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What the GM Strike Means For the Fremont Tesla Factory

After several years of trying to unionize, GM’s strike in the East could tip the scales

By Evan Symon, September 19, 2019 6:27 am

For the first time since the early 20th century, a General Motors strike has not had a striking factory in California. After the closure of the Fremont Factory in 2009, GM hasn’t come come back. Yet, as the 2019 GM strike seems to rage every place else but California, it’s last closed factory here could be seeing a spark in unions. 

After Tesla bought the Fremont plant in 2009 and started producing Tesla electric cars, one major component of car factories was missing – the United Auto Workers. Tesla has largely blocked unions. Prior attempts to unionize in 2017 and 2018 were stopped by various means, including supposed intimidation tactics and not allowing union literature inside the factory.

GM workers today want better pay, more secure jobs, and better healthcare. GM has responded that lower sales means that they have to cut costs and let people go to stay competitive. 

While the pay is generally lower than other factories in the East, and job security and health care are often wanted, that isn’t what concerns many workers at the Tesla Factory – it’s the conditions.

We spoke with a factory worker, ‘John’, about the Fremont facility and what’s happening, and about his concern about the conditions.

“More money would be nice, but it’s not about that,” John explained. “We need to be safe here, and to work reasonable times.”

“We can’t get through to management, so having a union get through that would be worth it. A lot of workers here think that paying union dues for that protection so we don’t get crippled or die, is worth it.”

John confirmed CNBC reports from two years ago about how workers were worked to the brink on the factory floor, working so long that management began giving red bull to keep workers awake. Even two years after the report, many workers are still facing tiring hours due to the high demand of Teslas.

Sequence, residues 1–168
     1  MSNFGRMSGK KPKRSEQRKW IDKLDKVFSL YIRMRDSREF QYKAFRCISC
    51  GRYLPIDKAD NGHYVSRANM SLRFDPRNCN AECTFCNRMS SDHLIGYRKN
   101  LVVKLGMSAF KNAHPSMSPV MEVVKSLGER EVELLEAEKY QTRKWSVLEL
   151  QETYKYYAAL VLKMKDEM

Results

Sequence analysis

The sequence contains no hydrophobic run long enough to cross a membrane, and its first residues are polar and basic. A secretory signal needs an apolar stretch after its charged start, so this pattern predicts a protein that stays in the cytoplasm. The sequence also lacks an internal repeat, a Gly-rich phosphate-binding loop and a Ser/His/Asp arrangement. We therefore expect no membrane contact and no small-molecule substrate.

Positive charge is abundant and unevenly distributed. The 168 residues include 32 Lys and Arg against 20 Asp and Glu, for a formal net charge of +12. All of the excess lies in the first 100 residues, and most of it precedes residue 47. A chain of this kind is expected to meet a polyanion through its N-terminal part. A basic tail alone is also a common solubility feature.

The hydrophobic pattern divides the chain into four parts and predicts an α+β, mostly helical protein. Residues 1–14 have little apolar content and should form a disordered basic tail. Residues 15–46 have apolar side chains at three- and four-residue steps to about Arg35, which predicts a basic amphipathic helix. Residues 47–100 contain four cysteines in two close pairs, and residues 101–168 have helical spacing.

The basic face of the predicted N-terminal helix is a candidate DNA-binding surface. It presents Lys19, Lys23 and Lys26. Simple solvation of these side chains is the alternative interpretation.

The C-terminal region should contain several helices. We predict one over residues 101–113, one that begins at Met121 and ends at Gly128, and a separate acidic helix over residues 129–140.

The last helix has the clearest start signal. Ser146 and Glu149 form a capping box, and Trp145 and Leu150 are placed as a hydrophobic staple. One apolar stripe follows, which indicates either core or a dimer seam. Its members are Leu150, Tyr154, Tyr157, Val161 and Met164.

“Any talk of a union is quashed. Regardless of how anyone feels about unions, it’s still an American right to join one to achieve better conditions and achieve our own American Dream.

We always see things about how unions are corrupt, how they’ll be a wall to management, and how they only care about money. At least one of my supervisors told me this. And, even if those are true, which they aren’t,  a lot of workers here still want to join. It’s that bad.”

Other works have claimed that there is a fear that workers trying to unionize will also lose their jobs over it, and be told that it was for ‘performance issues’ or some other excuse.

The National Labor Relations Board (NLRB), has had Tesla under investigation on and off over its practices for over two years.

Tesla has said in response that they do care about employee’s health and well-being, and that they offer a good wage for more than 40,000 workers at the Fremont Plant. A worker who wished to remain anonymous told the Globe “It’s a good job. It’s a factory job, so it’s not what you’d call glamorous. But it’s pretty fair all in all. Many workers don’t see why they need a union if everyone is being treated fairly.”